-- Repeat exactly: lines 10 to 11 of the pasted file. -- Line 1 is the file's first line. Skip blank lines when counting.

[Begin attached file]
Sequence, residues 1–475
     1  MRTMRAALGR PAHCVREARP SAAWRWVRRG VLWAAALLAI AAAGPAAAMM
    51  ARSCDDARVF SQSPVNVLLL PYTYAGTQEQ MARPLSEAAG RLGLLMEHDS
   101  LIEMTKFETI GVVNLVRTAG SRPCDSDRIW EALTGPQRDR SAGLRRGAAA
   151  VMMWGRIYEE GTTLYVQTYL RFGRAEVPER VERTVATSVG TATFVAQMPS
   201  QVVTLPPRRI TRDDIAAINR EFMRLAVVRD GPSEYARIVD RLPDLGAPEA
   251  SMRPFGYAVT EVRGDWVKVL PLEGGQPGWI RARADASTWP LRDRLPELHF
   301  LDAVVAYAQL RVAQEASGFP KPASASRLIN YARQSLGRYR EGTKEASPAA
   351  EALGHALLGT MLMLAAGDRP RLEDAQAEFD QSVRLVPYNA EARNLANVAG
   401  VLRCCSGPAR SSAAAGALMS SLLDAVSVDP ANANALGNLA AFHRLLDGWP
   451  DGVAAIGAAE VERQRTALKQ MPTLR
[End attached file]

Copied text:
   401  VLRCCSGPAR SSAAAGALMS SLLDAVSVDP ANANALGNLA AFHRLLDGWP
   451  DGVAAIGAAE VERQRTALKQ MPTLR